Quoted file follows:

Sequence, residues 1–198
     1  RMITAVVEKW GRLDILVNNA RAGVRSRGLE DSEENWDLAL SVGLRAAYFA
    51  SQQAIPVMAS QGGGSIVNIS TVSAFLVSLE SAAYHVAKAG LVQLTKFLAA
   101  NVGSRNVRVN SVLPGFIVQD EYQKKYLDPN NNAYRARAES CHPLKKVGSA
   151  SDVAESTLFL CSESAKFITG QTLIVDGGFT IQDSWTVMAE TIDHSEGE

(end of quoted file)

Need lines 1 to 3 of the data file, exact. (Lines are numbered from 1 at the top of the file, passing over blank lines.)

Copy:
Sequence, residues 1–198
     1  RMITAVVEKW GRLDILVNNA RAGVRSRGLE DSEENWDLAL SVGLRAAYFA
    51  SQQAIPVMAS QGGGSIVNIS TVSAFLVSLE SAAYHVAKAG LVQLTKFLAA